Daytime call at the VA is from 7 a.m. to 6 p.m. every third day. Overnight call is covered with a night float system composed of a senior resident and an intern.
Inpatient Cardiology (CICU)
The inpatient cardiology service at University Hospital includes the management of cardiac conditions in the cardiac intensive care unit, progressive care (step-down) unit and the general cardiology inpatient ward. This rotation allows residents to gain experience managing acute coronary syndrome, congestive heart failure, cardiac arrhythmias and other cardiology problems. The rotation is often a favorite of our residents because of the excellent teaching by both attending cardiologists and fellows, as well as exposure to multiple cardiac conditions.
The cardiology inpatient team includes an attending cardiologist, cardiology fellow, four or five resident physicians, a case manager, social worker and a cardiology nurse practitioner. The call schedule is split equally among the residents on the service and is from 7 a.m. to 7 p.m. each day. Overnight call is covered by a senior resident. Days off are arranged by the residents; however, all residents will have at least one day off each week.
MU Health Care Inpatient
The inpatient medicine rotation provides an opportunity to learn the skills necessary to manage hospitalized adult patients who are admitted from our emergency department or accepted as transfers from referring hospitals from across the state of Missouri. Inpatients are accepted on to one of four general inpatient teaching services and one non-teaching service.
The four general teaching services are staffed by an attending hospitalist physician, senior resident and two interns. Each of these teams can carry up to 18 patients with no more than nine patients per intern. Each teaching service takes call every fourth day from 7 a.m. to 7 p.m. Many of the early morning admissions are accepted to the non-teaching service which includes an attending physician and physician assistants, allowing the teaching inpatient teams adequate time for rounding and resident education. Overnight admissions are handled by a night float system that includes a senior resident and two interns. An attending physician is often present in-house overnight to staff admissions and to supervise all procedures.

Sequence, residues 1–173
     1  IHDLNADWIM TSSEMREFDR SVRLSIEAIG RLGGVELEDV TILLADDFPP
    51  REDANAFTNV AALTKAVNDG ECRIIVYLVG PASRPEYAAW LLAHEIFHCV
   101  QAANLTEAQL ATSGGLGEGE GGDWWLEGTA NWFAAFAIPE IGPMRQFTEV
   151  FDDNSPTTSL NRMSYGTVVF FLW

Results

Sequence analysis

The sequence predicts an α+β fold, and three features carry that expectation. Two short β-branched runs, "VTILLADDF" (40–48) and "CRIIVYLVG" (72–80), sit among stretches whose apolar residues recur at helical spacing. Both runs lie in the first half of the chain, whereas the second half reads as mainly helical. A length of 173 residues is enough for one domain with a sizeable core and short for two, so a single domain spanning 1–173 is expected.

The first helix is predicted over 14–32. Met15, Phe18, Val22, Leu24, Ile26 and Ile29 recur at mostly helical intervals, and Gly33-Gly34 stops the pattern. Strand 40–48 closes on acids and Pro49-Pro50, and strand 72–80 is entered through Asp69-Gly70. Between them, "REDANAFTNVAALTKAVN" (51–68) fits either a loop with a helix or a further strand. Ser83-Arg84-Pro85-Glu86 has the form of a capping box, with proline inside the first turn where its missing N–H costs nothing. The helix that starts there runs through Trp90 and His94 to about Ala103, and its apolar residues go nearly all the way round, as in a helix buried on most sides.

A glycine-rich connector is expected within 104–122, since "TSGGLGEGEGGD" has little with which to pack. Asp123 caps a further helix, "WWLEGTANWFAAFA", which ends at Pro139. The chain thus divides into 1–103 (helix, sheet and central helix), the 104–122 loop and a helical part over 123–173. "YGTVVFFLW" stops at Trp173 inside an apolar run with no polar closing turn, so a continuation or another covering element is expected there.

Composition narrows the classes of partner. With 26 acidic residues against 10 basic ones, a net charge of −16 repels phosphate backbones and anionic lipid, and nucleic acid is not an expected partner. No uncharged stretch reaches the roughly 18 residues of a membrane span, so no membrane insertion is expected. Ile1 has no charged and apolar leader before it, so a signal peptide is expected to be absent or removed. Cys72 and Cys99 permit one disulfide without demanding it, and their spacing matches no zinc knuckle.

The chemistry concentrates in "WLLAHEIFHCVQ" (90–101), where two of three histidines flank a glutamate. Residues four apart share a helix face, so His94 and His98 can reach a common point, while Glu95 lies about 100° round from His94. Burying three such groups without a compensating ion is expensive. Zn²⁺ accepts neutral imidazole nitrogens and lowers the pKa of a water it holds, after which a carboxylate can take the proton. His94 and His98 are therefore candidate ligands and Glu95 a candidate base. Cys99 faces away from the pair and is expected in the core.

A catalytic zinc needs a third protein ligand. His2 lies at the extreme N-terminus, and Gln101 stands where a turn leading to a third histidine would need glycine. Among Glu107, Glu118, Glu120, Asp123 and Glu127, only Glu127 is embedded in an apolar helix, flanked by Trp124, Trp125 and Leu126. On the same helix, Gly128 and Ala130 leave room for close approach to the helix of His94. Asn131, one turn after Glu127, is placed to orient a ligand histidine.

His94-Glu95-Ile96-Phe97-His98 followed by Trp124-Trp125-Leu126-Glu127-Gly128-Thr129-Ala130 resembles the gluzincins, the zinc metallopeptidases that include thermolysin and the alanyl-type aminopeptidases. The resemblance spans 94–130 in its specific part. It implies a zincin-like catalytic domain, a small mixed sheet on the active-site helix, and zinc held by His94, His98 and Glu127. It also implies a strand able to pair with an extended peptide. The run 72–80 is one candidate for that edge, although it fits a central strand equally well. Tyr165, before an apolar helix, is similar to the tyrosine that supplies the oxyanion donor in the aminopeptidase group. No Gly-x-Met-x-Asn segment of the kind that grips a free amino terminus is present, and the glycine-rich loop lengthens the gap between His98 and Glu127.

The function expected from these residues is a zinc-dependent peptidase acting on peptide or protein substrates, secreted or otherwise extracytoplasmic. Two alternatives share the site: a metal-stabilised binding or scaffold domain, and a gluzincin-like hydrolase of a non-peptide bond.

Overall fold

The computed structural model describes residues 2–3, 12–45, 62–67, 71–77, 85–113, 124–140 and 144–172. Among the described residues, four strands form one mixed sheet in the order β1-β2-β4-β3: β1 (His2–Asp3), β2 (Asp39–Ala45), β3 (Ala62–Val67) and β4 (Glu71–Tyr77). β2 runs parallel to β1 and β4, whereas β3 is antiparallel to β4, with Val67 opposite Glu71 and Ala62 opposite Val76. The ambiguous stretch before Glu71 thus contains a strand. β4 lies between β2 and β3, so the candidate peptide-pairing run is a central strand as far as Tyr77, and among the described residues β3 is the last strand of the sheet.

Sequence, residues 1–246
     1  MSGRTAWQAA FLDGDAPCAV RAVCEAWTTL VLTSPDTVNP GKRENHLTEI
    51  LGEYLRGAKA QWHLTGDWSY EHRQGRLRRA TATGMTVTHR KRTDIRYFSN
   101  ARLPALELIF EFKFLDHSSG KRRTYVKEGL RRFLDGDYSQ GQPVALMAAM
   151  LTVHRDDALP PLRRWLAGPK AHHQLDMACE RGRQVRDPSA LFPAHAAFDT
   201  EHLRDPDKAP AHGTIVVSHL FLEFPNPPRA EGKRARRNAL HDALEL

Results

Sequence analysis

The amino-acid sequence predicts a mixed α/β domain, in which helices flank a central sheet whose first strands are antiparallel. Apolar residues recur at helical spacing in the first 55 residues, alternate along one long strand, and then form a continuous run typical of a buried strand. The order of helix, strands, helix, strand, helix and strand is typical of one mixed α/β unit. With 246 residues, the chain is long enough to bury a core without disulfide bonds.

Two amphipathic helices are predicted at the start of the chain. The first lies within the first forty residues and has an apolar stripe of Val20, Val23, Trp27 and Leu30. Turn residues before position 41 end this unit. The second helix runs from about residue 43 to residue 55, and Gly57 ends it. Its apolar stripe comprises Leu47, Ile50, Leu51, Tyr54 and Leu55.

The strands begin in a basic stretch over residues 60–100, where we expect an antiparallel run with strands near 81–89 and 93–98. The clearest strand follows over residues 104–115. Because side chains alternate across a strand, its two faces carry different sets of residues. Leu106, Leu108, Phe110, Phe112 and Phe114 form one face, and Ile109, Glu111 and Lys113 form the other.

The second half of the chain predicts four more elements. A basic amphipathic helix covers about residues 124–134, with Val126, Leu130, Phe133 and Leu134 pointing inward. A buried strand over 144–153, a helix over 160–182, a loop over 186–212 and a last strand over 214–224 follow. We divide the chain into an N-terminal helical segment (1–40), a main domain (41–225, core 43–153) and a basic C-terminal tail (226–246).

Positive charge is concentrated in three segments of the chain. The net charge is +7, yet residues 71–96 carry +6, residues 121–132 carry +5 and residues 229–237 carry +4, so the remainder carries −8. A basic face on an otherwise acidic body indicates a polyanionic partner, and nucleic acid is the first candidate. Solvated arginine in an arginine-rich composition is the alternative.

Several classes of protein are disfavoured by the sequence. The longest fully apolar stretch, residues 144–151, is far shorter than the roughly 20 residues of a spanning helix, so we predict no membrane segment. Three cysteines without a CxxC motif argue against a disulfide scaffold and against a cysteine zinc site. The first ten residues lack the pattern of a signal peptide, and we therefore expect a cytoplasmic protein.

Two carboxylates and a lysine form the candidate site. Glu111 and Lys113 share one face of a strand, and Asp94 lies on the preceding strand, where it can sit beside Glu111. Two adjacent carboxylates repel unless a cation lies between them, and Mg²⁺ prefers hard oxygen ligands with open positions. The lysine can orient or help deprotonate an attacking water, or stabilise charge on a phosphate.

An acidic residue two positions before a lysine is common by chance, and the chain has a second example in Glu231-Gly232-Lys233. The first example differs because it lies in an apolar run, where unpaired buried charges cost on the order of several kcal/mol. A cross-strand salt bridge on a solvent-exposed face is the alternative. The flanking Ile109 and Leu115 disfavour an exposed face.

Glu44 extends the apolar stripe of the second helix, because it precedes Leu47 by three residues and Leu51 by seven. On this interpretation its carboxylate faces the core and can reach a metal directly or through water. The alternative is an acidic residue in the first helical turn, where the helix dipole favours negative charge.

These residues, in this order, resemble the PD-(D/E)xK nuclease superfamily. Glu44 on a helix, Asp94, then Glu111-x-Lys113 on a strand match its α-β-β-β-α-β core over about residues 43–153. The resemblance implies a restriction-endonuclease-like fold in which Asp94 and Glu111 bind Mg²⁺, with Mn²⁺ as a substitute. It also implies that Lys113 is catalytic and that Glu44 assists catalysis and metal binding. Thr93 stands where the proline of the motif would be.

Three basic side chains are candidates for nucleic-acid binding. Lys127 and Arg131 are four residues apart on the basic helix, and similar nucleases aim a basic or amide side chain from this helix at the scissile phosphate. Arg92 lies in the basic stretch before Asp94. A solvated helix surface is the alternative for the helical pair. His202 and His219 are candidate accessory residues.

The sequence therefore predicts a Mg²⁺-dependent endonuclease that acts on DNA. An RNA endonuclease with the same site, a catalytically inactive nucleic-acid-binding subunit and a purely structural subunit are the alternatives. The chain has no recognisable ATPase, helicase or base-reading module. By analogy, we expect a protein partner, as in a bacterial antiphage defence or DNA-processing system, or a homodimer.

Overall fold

All inpatient medicine teams have an assigned social worker, care coordinator and pharmacist as is consistent with our multidisciplinary approach to patient care.
The medical intensive care unit rotation is a favorite rotation of our residents because of the excellent teaching provided on-service as well as exposure to multiple procedures including endotracheal intubation, central venous and arterial line placement, thoracentesis, paracentesis and lumbar punctures. This hands-on rotation allows for excellent bedside teaching by attending physicians and pulmonary/critical care fellows. Residents will become proficient in the management of critically ill adults, including procedures and ventilator management.
Patients admitted to the intensive care units are distributed between two attending physicians. There are two teams, and each includes a pulmonary/critical care fellow, senior residents and interns. Each resident will work six days per week. Overnight admissions are covered by a night float system that consists of two senior residents who take call every other night.